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Reviews » Theatrical Reviews » The Theory of Everything
The Theory of Everything
Focus Features // PG-13 // November 7, 2014
Review by Jeff Nelson | posted November 4, 2014 | E-mail the Author
C O N T E N T
R E P L A Y
A D V I C E
Highly Recommended
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The biopic genre has become flooded with failures that try their best to work their way into the Oscar pool. However, the majority of these pictures are insanely overrated, and are often incredibly safe picks to enter the "Best Picture" category. They all strive to be inspirational, but many of them come across as being "sappy" along the way, making for a contrived cinematic experience that leaves us with the genre conventions that we have all become far too familiar with. However, there are occasionally a select few pictures in the genre that manage to leave us with something truly memorable and impactful. If the film is able to make you think about the individual whom the picture is based upon hours after it's over, then at least it has left its mark. Director James Marsh and writer Anthony McCarten's The Theory of Everything works its way into our hearts, and inspires us all.

The love story between Stephen Hawking (Eddie Redmayne) and Jane (Felicity Jones) starts as any other does. They find each other attractive, and they get to talking. It's a bit awkward at first, but they quickly warm up to each other. With Stephen and Jane pursuing their educational goals, everything seems perfect, until he discovers that he has fallen ill and only has two years to live. As this disease continues to render his body useless, he strives to make his brain stronger.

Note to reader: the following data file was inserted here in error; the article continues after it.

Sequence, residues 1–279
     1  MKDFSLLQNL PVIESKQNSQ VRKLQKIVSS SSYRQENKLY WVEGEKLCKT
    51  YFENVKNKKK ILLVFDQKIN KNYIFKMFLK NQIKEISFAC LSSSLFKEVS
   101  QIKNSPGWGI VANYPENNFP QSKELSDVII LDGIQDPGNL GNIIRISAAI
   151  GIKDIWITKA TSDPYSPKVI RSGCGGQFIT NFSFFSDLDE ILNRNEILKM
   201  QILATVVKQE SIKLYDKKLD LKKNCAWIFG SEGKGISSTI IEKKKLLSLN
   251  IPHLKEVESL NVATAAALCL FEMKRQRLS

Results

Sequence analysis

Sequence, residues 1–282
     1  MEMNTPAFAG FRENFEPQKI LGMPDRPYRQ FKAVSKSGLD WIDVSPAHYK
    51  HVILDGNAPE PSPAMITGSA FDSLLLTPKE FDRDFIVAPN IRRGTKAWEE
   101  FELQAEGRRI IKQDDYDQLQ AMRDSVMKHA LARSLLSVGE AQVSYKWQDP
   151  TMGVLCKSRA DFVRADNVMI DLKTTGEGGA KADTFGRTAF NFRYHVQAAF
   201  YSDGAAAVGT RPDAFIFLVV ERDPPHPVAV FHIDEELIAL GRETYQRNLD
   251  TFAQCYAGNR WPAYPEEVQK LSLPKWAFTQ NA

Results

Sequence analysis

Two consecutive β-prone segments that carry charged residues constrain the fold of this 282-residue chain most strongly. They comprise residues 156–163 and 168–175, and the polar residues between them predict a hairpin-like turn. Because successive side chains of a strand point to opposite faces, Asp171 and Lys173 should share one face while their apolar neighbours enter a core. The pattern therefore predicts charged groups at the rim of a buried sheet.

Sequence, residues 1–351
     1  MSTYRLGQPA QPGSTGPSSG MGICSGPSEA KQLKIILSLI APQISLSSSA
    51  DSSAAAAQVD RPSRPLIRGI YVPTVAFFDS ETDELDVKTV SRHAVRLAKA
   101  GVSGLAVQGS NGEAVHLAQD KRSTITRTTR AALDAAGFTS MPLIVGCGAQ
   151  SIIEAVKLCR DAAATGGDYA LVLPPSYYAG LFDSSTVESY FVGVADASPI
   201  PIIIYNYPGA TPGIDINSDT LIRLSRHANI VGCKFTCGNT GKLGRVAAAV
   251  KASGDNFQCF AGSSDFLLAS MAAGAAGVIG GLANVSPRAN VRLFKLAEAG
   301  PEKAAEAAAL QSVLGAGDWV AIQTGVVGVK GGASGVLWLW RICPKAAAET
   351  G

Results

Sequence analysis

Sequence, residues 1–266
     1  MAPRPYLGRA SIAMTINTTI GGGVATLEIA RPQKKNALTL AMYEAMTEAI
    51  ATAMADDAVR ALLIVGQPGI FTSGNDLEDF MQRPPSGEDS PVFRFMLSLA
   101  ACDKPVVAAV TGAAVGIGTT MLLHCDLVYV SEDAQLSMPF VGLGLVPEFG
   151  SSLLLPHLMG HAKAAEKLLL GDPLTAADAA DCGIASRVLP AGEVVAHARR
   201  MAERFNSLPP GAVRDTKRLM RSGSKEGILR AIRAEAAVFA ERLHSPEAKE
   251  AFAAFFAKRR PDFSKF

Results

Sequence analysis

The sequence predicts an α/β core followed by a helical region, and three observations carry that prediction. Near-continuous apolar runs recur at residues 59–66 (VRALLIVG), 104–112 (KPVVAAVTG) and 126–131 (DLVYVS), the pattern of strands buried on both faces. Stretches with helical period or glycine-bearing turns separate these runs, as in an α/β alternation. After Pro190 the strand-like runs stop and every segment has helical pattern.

Stephen Hawking is one of the most brilliant minds to ever exist on this planet. He has made revolutionary discoveries and has become an inspiration to the entire world. Making a movie about him is risky, since the filmmakers and its cast have such monumental expectations to fill. Even though The Theory of Everything is largely about his illness and the issues that it caused for those around him, it's even more so about the growing relationship that he shared with Jane. Anthony McCarten's adaptation of Jane Hawking's book truly does a wonderful job at capturing a young love that faced undeniable odds that weren't on their side. We truly get that "fly-on-the-wall" effect, as the conversations feel so utterly convincing. As we continue to see this relationship evolve, it doesn't take very long to develop a true connection with both of the roles. Even though we know the Hawkings' story, the journey is truly something worth experiencing at the cinema.

Some may complain that Stephen's journey in being realized by the world as a genius isn't entirely realized. There isn't as much talk about his theories as some of his admirers may hope for, but this is a film that is meant to be about the central issues within this epic relationship that defied the odds. Fortunately, the film doesn't only treat its subjects with drama, as the picture has a good sense of humor. While we do witness Stephen and Jane's difficulties and frustrations, they occasionally make light of the situation. McCarten delivers some comedic elements through various sequences, such as when Stephen spends time with his university friends. There's a nice rhythm to the humor that makes it feel organic, rather than working against the dramatic core that the film possesses. This screenplay has its hiccups, but the balance of dramatic and comedic elements elevate the feature to a more believable level that truly make the audience feel as if we're watching the events first-hand.